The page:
The bout took place in Wimbledon town hall on 23 August 1979 before a full house with the local press well in attendance. The first round saw plenty of action from both girls. With forearm smashes much in evidence from both girls, but as of yet it was too early for either of the girls to show any predominance. Round two opened with Sue Brittain dashing the full length of the ring and trapping Jane in her corner began a series of low blows to the groin area ending with straight finger jabs to the groin which sent Jane to the mat but brought Sue her first public warning. After the resumption of battle Jane gave back to Sue some of the force and violence she had received and forcing Sue into the corner commenced a series of forearm smashes to the bust and throat. After this outburst the girls both switched to more orthodox wrestling and some fine mat work was to be seen. This however seemed not to suit Sue who whilst maintaining a throat lock rolled towards the ropes and still keeping the throat lock succeeded in forcing Jane under the rope and using rope as leverage tightened the lock until the hold was broken by the ref. and order was restored.
Round three saw more action - the most vicious of which was when Sue, having taken Jane to the mat, stood over her opening her legs in a leg split and began to boot the prone opponent in the groin. When again rescued by the ref Jane decided that retaliation was in order and with both girls again on the mat she secured a good wrist hold combined with an arm stretch and as retaliation began to boot Sue in the breast. This hurt Sue who, weakened on resuming her feet, was assailed by a series of Judo chops and falling to the mat found herself pinned with a cross press. First fall to Jane St John.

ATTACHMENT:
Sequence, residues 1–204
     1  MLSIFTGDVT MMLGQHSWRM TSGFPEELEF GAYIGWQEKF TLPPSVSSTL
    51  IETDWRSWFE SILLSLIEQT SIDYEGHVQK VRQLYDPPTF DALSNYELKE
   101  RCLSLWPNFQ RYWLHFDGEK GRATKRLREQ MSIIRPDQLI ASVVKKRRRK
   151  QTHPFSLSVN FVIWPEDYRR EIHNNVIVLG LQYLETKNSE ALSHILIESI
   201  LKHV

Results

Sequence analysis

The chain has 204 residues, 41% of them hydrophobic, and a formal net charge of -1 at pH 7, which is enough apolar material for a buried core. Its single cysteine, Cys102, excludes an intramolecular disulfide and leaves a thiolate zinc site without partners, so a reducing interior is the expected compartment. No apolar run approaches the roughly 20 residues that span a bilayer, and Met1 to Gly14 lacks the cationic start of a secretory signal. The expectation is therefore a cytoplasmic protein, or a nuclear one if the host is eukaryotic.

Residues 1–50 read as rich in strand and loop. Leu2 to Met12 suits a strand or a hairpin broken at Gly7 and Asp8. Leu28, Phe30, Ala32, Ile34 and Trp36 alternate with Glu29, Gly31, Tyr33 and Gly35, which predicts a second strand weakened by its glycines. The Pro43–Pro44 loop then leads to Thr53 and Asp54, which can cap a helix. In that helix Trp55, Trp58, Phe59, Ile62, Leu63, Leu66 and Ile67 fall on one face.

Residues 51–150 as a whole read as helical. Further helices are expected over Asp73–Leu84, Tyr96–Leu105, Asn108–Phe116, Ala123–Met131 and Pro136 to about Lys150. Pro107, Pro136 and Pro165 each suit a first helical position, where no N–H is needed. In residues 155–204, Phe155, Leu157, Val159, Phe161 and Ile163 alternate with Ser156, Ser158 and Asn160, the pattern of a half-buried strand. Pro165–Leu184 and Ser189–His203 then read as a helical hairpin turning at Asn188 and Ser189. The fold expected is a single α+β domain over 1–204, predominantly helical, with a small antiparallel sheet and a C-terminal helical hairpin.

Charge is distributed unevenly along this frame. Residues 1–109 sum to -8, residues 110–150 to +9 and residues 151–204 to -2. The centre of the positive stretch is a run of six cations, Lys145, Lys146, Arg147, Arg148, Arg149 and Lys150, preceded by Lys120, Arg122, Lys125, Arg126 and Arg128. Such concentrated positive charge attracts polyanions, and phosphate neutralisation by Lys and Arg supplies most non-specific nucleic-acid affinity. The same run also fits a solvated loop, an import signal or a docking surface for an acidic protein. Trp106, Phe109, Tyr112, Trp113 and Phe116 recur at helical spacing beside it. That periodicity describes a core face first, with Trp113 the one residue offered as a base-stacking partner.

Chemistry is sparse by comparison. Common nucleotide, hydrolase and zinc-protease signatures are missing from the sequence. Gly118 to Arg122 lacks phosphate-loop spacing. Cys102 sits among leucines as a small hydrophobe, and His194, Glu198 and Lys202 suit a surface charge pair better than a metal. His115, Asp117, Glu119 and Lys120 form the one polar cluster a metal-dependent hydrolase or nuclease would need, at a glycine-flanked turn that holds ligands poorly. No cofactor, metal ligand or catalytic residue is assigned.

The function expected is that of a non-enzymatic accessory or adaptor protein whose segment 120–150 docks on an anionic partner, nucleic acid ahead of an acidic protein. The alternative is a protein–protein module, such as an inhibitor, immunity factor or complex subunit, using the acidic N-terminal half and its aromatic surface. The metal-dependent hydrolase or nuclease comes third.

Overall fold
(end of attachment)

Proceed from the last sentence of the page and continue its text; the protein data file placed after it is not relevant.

Round four started with Sue in a rage again. Rushing across the ring and throwing Jane the length of the ring several times. The rest of the round settled down to more straight forward wrestling and both girls showed why they were the one selected for this important contest. Round five opened with Sue deciding that it was time to show why she was the champion and after a series of straight wrestling moves got Jane into a side headlock and taking Jane down to the mat got herself into a position to apply a single leg Boston which was reinforced with a couple of smashes to the groin and brought the round to an end with a submission from Jane.
Round six opened with both girls even, one fall each. It soon became obvious that the duration of the bout and the punishment dished out had had a weakening effect on Jane and after several throws and a series of illegal moves on the ropes, which brought a second public warning to Sue, Miss Brittain dived at Jane's legs and turned her into the Boston Crab. This brought an instant submission from Jane. Much to the disapproval of the audience, Miss Brittain was declared the winner and retained her belt and title.
Sue and Jane kept on in wrestling for some years after this important bout. When given the opportunity in 1981 Jane showed herself to be a fine boxer, and had she pursued this career would no doubt have gone to the USA and become one of the very top over there.